Nine states join Murray Energy in lawsuit against EPA

July 8, 2014

Murray Energy Corp. has received the support of nine states in its litigation against the U.S. Environmental Protection Agency’s (EPA) rulemaking aimed at controlling greenhouse emissions.

Murray Energy filed the lawsuit in June in the U.S. Court of Appeals for the District of Columbia Circuit and accused the Obama administration of running afoul of the Clean Air Act’s plain language.

Murray Energy called the new standards, which are a signature piece of President Obama's climate change legacy, "illegal, irrational, and radical."

The suit argues that Section 111(d) of the Clean Air Act, under which the EPA is proposing the carbon pollution standards, prohibits the agency from regulating "any air pollutant emitted from a source category that EPA already regulates under" a different section of the law.

That argument is that the EPA can't regulate power plants under Section 111(d) if it already regulates those same power plants under another section of the Clean Air Act (The Hill, July 1).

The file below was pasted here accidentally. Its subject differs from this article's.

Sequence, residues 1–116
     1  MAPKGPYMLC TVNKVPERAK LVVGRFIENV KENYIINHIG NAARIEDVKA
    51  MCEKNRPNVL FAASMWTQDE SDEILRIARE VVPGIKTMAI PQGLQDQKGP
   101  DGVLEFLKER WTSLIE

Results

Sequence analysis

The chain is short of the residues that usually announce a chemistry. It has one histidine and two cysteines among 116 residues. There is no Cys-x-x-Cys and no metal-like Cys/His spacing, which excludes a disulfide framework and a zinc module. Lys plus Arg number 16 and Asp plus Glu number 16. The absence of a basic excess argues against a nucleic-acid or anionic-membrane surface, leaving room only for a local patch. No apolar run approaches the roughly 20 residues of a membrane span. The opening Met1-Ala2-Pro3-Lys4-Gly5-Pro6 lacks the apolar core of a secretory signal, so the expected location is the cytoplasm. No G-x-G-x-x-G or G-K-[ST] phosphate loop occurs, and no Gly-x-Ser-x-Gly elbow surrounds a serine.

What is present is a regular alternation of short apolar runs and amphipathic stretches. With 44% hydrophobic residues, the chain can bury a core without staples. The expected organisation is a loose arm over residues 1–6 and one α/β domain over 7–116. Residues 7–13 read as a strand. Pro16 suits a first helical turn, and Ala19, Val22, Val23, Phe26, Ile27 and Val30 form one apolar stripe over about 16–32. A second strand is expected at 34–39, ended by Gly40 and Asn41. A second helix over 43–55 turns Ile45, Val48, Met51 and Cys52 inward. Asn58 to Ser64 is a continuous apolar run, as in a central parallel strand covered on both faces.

West Virginia, Alabama, Alaska, Kentucky, Nebraska, Ohio, Oklahoma, South Carolina and Wyoming are joining the lawsuit, and filed a brief to the U.S. District Court of Appeals for the District of Columbia late last week.

"EPA’s assertion of authority denied it by Congress imposes real harms on the states now: States have to undertake huge amounts of burdensome work now to develop plans to meet the anticipated rule and cannot wait for the final rule and still have any chance of meeting the indicated deadlines," the brief from the nine states says.

The states take issue with the EPA's "extraordinary" exertion of its authority, according to the brief.

"The “specific prohibition” against the EPA’s proposed rule is in the very statutory provision the agency cites as its authority," the states write in the brief.

EPA chief Gina McCarthy has said the agency wouldn't have proposed the rules if they were not legally sound, and stresses that the EPA is affording states as much flexibility as possible on drafting their own plans to reach reduction targets.

The rules, which mandate states cut carbon dioxide emissions from existing power plants 30 percent by 2030, have faced an onslaught of scrutiny from Republicans in Congress.

While Murray Energy's lawsuit is the first brought against the administration's climate regulation, others will likely follow.



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